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Year in Review: Rui Hachimura

Breaking down his junior year and NBA prospects

When Rui Hachimura was brought in as a freshman, Tommy Lloyd told us all that the Japanese sensation was on a three-year plan. Year one was to learn. Year two was to play. Year three was to let him loose. As Hachimura’s Gonzaga career (likely) comes to an end, I would say that plan was executed to perfection.

It’s pretty remarkable when you think about his progression over those three years. The media coverage of him all year has been through the roof, and we’ve read story after story after story about his journey - going from knowing no English and laughing at being called a “dumb ass” to going toe-to-toe with Zion Williamson in the matter of two years is unbelievable.

Rui earned WCC Player of the Year honors along with being named a second team All-American. The junior forward averaged 19.7 points and 6.5 rebounds, while shooting 59 percent. He was 10th in the nation in Win Shares.

Now, we wait and see on his NBA future. In all likelihood, he will declare for the NBA draft in the coming days. Early in the season, he was a guaranteed lottery pick. Not so much anymore, depending on who you ask. There are several scouts who are less fond of Rui’s prospects at the next level. He should be drafted in the first round, regardless. It just may not be a top 10 pick.

At the next level, Hachimura will continue to excel in open space. His offensive skill set, especially in the post, will translate just fine to the next level. His footwork has gotten so good and he has a variety of NBA caliber moves to score with. He knocks down mid-range jumpers better than most 6’8 guys in the world. His size and strength will allow him to be successful, as long as he taps into his killer instinct and doesn’t play passive.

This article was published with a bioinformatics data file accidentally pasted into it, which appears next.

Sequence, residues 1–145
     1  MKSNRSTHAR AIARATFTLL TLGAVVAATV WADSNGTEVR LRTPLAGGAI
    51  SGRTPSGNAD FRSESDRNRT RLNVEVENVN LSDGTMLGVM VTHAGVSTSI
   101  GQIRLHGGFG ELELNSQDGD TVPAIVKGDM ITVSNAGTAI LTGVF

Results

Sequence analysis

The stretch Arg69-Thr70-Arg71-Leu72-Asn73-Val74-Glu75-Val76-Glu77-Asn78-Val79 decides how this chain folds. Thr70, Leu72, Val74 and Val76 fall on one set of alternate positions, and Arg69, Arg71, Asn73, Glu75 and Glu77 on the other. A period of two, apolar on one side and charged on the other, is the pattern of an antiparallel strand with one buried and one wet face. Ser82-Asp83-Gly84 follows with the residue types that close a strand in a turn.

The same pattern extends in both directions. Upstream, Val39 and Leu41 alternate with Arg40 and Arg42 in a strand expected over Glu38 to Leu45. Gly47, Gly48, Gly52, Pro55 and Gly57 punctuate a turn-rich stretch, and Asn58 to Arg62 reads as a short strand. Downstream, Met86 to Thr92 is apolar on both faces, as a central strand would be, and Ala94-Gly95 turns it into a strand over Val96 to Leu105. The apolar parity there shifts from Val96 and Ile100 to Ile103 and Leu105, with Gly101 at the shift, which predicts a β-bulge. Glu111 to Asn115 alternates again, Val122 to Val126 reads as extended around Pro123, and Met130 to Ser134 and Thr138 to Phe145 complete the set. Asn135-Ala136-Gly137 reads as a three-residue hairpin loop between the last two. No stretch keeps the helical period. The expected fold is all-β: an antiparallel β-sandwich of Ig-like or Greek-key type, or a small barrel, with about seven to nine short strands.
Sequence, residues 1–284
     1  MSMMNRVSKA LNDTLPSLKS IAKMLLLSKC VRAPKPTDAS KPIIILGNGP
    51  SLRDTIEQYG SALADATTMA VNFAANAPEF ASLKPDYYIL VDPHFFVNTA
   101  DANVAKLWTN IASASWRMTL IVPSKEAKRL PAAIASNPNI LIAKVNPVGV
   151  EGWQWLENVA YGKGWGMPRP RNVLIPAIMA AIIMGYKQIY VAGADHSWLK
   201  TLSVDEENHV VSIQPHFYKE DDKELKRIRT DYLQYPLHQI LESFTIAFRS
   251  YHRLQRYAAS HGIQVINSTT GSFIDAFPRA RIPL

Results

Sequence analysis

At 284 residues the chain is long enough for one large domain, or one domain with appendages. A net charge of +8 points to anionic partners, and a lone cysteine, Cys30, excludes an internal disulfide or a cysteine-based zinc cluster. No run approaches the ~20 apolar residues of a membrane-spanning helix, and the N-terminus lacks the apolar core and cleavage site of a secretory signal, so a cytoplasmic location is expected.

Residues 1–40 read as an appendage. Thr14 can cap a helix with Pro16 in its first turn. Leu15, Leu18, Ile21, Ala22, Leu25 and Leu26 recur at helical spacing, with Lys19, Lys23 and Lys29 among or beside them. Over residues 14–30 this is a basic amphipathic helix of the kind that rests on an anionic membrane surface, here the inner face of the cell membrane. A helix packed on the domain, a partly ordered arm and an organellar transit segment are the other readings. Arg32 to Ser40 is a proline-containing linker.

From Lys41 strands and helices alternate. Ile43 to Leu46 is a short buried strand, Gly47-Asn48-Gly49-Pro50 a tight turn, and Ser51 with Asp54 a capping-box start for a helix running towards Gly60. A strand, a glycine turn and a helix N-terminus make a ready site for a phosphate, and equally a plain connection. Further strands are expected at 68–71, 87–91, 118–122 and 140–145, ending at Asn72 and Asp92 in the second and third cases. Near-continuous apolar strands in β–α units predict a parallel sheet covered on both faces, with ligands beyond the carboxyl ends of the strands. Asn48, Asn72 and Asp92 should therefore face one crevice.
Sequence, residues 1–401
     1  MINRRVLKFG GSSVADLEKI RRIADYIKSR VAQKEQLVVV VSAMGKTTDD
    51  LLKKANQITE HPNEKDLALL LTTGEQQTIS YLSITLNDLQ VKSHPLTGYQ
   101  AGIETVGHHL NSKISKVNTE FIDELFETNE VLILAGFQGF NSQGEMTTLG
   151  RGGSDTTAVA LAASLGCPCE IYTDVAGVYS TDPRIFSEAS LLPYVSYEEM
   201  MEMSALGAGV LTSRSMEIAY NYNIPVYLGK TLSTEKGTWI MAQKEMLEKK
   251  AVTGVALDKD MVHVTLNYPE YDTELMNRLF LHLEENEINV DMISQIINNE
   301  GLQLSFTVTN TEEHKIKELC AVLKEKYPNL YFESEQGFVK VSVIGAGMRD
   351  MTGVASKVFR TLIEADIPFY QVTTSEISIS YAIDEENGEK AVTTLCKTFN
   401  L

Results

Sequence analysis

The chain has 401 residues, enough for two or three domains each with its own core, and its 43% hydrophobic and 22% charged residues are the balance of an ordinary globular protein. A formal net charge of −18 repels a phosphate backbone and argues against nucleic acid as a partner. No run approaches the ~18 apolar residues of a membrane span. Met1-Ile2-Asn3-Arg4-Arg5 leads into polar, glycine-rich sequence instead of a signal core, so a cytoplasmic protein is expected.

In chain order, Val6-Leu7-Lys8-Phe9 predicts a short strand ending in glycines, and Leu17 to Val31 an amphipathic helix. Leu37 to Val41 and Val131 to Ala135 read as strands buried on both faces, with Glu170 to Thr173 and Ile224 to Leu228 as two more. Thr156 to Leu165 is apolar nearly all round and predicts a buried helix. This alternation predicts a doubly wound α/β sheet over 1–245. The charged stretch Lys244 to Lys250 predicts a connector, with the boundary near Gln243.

His defense improved throughout the season, but is still not his strong suit. He often got beat off the dribble and relied on his athleticism to block shots at the rim. That won’t work at the next level. He also won’t be able to play bully ball like he did with several WCC opponents. Obviously, his jump shot needs to consistently extend beyond 18-feet, but his form looks solid, and there’s reason to believe it can get there.

In general, Hachimura is still learning the game. Which is crazy to think about, given how good he already is. But it’s true. He’s not a polished veteran. He started playing ball when he was a teenager. There are so many things he’s still trying to figure out - flow and feel for the game, basketball instincts, confidence, and aggressiveness. If a team falls in love with his offensive skill set, and believe they can develop all those weaknesses with time, then he’ll go in the top 15. More than anything, I hope he ends up in a spot where he can continue to grow and learn and not somewhere where he’s hoisted into an uncomfortable spot right away.

Hachimura is going to go down as one of the coolest stories in Gonzaga program history. His growth, both on and off the court, is almost unparalleled. It was an honor watching him grow up in front of our eyes. The coaching staff laid out a three-year plan to unleash the beast in year three. The beast was certainly unleashed and it was incredibly fun to watch him devour his prey.